Precariousness of the Colombian urban economy provides an ecosystem for the development and expansion of digital platforms, intersecting informal working relations with digital surveillance. Reconstructing legal obstacles to gaining recognition as legal and formal workers, it is argued that platforms have assembled a techno-legal network which translates discussions about workers’ rights into the less regulated arena of information and communication technologies. The role of ‘regulatory displacement’ is examined to analyse the evolution of digital platforms for food delivery workers. Drawing on a review of the regulation of it and labour, discussed in Congress in 2017–2018, we explore the regulatory expulsions that digital workers experience, analysing this information with a grounded theory approach, in which we have followed discursive patterns that emerge from legal documents. Addressing this strategic use of the law is key to understanding and overcoming obstacles that platform workers face in their attempts to organize in the Global South.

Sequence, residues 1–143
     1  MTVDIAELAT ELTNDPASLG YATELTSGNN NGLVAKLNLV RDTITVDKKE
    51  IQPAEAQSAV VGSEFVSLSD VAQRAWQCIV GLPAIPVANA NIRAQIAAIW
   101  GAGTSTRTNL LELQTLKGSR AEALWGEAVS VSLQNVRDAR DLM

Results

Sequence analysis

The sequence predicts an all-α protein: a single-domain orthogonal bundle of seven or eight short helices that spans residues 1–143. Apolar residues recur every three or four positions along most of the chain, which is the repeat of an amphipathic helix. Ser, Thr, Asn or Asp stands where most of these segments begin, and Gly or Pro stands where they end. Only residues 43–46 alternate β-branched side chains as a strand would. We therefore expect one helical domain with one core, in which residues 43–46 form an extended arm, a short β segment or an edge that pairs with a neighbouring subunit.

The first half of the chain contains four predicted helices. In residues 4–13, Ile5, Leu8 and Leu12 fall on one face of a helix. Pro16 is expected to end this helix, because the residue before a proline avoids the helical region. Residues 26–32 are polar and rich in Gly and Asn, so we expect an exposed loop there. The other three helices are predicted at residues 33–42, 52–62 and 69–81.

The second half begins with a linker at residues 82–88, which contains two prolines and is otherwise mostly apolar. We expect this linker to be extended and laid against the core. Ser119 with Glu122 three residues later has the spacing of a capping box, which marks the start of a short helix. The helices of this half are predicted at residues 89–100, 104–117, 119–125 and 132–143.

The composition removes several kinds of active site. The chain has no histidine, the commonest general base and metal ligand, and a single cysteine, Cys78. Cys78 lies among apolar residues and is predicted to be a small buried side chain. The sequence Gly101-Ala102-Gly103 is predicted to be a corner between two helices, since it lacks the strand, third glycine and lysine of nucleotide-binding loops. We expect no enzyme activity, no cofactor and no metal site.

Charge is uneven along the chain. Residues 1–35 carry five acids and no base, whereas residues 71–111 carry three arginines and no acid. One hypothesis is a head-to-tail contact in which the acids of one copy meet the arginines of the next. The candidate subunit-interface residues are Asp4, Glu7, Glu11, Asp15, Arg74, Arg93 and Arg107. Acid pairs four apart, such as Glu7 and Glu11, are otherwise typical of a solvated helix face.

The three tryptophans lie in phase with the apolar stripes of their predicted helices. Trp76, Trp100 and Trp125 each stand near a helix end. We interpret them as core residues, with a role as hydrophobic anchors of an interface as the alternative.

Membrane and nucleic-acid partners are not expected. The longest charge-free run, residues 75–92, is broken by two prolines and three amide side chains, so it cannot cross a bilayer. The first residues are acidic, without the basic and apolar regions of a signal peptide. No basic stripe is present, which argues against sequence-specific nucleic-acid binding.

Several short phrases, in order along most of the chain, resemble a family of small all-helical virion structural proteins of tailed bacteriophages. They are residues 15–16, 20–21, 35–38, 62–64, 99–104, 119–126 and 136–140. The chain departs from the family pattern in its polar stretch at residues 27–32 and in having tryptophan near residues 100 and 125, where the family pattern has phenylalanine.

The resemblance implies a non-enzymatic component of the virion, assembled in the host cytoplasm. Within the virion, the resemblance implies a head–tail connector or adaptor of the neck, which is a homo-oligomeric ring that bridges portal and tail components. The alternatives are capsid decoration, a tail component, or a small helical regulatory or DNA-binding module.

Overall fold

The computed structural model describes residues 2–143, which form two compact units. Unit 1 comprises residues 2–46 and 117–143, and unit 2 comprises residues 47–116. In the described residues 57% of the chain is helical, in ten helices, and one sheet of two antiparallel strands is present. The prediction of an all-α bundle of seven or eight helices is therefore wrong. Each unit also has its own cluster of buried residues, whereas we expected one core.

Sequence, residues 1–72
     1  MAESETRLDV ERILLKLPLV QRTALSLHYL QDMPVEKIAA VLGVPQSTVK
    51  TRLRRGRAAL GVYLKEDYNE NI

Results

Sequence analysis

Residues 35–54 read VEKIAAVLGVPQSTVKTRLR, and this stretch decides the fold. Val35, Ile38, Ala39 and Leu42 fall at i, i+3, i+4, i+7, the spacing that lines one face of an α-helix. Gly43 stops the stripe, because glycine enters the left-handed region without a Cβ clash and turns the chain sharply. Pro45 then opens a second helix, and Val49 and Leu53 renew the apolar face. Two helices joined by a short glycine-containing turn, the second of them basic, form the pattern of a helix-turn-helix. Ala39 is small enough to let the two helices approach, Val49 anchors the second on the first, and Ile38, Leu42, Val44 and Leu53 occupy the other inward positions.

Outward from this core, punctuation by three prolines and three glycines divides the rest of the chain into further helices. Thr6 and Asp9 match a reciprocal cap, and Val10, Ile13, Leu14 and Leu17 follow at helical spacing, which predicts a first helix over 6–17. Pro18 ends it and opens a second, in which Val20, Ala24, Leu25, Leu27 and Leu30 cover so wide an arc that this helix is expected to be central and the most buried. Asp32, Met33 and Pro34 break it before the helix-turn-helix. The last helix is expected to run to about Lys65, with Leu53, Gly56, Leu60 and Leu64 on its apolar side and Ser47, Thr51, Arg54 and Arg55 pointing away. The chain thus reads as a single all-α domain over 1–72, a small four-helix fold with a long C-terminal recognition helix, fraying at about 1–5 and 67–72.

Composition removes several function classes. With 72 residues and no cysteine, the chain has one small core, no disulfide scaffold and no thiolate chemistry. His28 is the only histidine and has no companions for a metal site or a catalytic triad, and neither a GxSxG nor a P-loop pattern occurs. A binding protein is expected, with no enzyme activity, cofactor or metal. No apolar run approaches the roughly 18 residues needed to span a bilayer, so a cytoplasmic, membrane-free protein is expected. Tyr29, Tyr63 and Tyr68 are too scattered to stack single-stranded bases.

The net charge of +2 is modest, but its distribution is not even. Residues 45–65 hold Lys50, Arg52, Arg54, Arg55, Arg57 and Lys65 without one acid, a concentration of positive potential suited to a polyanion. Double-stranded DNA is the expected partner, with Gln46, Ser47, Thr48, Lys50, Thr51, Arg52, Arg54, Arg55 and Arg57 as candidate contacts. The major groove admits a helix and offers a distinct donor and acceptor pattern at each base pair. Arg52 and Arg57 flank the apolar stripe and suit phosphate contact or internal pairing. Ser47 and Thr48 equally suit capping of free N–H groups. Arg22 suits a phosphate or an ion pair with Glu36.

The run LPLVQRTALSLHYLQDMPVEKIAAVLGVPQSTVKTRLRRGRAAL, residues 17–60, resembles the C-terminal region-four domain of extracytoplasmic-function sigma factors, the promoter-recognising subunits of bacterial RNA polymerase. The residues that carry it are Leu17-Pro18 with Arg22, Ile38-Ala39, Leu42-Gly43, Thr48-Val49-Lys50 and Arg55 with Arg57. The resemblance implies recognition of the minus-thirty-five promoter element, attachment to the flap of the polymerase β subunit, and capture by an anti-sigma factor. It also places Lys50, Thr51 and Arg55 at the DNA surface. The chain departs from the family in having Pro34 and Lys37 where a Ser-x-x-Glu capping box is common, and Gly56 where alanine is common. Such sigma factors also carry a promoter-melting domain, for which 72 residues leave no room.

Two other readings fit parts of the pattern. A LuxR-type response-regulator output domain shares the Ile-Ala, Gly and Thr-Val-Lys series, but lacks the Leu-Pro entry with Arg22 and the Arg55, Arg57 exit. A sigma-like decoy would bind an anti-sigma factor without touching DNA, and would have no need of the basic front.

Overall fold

|Original language||English (US)|
|Number of pages||27|
|Journal||Journal of Labor and Society|
|State||Published - Jan 5 2022|
All Science Journal Classification (ASJC) codes
- Media Technology